Between vaccinations and fecal exams and diagnostic testing, the cost of a typical vet visit can climb quickly. Having a pet isn’t cheap, and you never want cost to be a barrier to getting the best care for your four-legged friend.
We’d be remiss if we didn’t start by mentioning the obvious—that Lemonade’s pet health insurance is an affordable way to take the bite out of many expensive vet bills. If you’re curious and want to get a quick price quote for your own dog or cat, just click the pink button below!
Meanwhile, let’s get into the expenses you might encounter with a typical vet visit. This way you won’t be shocked by a future bill. (Keep in mind that not all of these procedures would be covered by a pet health insurance policy.)
Here’s what we’ll be discussing in this article:
Caring for your pet’s ears
The straight poop on fecal exams
Spay and neuter costs
Geriatric screenings for older kitties and doggos
Pet insurance, & why it’s worth it
Just like humans, pets should get annual vet check-ups with a doctor you trust. These visits keep your pet safe and help alert you, early, if something is wrong with your cat or dog.
A basic vet visit will likely run anywhere from $45 to $55.
But a more extensive check-up for your dog—the equivalent of a “physical”—could bump that cost up to anywhere from $100 to $300. Similar exams for your cat could range from $90-$200. And any additional testing and exams will add to that price.
Lemonade pet insurance offers a vet visit fee add-on, which covers your vet’s time and labor when you bring your pet in. Also, our Preventative and Preventative+ packages will cover your pet’s annual wellness exam, plus vaccinations, and a whole battery of tests.
Most vets recommend an annual heartworm test. It checks for parasitic worms that are transmitted through mosquito bites. If you live in a mosquito-rich area, this heartworm testing is a must. When heartworm disease goes untreated, it can result in severe organ damage and heart failure. For around $50, your vet will draw your pet’s blood and send it off to a lab.
FYI, your pet’s annual heartworm test is covered by Lemonade’s Preventative care packages.
Ear infections are annoyingly common in both cats and dogs. A proper vet exam can figure out what’s causing the problem—it might be bacteria, yeast, or mites, none of which are too pleasant to think about—after which your doc can suggest a proper treatment.
Sometimes, an ear infection can be a sign of a different problem. If your cat or dog is scratching their ear, or if you spot symptoms like swelling, redness, a bad smell, or discharge… it’s time for an ear exam.
The exam plus medication would likely lead to a bill of $120 to $150, provided there’s not a more serious, underlying health issue causing the infection.
Medication to prevent fleas costs around $10 to $15 per month. It’s worth keeping on top of. If your pet brings fleas home, costs could start piling up. You might need flea removal shampoo, flea-killing sprays, or a professional pest service to deal with an infestation in your home. Fleas, after all, don’t just bite your pets—they’ll gladly go after the humans that live with them. Yuck.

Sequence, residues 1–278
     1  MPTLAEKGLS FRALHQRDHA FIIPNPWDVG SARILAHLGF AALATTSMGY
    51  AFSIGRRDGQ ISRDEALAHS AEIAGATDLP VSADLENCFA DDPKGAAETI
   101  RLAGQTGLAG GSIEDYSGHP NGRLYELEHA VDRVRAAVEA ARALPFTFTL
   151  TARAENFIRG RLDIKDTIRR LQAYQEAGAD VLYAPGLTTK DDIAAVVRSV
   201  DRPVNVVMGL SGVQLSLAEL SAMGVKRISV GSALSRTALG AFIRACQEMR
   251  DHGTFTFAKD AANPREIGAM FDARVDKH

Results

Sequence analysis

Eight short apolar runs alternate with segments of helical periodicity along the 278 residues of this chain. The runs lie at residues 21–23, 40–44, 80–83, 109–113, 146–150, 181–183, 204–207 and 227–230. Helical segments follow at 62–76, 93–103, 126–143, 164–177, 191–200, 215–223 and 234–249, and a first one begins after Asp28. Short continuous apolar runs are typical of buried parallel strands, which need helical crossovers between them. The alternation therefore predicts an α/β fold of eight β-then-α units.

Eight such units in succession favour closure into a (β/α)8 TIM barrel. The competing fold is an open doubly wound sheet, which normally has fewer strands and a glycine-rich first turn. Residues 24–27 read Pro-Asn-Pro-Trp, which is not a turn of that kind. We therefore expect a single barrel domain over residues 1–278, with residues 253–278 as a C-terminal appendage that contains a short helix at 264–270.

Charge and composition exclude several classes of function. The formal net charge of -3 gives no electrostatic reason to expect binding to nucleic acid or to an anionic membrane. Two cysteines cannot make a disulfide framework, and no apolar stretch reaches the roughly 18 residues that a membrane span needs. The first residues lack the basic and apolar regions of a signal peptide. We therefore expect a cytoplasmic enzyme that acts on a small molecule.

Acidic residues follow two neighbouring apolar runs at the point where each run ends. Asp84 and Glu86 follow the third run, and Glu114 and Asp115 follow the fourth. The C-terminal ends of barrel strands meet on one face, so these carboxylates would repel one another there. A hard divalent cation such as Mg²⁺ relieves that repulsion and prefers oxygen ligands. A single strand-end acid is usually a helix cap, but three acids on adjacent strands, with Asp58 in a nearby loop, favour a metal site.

None of us want internal parasites crawling in our pet’s intestines. Luckily, you can quickly catch these microscopic critters with a relatively affordable exam. Lab tests can cost $25 to $50. Your vet may recommend a fecal exam to be given annually, or as needed. This is another case where early action will save you cash… If your vet discovers parasites at a later stage, treatment could cost $400 to $1,000.
Some vets ask for a fecal swab, and others suggest a full sample of stool—but hey, you’re probably used to getting up close and personal with your pet’s poop.
An annual fecal exam is covered by Lemonade’s optional Preventative package.
Dogs and cats might not need Invisalign or veneers, but their dental bills can still add up quickly. And pet dental care isn’t just about a pleasing smile; it’s about maintaining your furry friend’s overall health.
For most dogs, dental cleaning requires anesthesia and can last over an hour. If your pet is young and healthy, a regular cleaning will be on the lower end of $500 to $1,000. That’s not a typo. For an older dog with oral health issues, the cost could actually be over $1,000.
While dental cleaning for cats are more modest—sometimes as low as $200—certain feline teeth can require extra attention, bumping the cost of vet bills. It wouldn’t be unheard of to spend $1,000 on your cat’s dental care.
Luckily, Lemonade pet insurance can help take the bite out of dental vet bills. The Preventative+ package offered by Lemonade covers a range of veterinary services including a routine dental cleaning.
Meanwhile, you can help your cat or dog’s oral hygiene by brushing their teeth—yes, really—or giving them treats, like Greenie’s, that are good for their chompers.
When we think about cat or dog allergies, we generally think of humans who are allergic to their animal companions. But your pets can have allergies, too! Sneezing, coughing, licking, and itching are all signs of allergies.
Most vets agree that skin tests give the most accurate results. This test can range from $195 to $250. If you prefer a blood test, the price can vary from $200 to $300.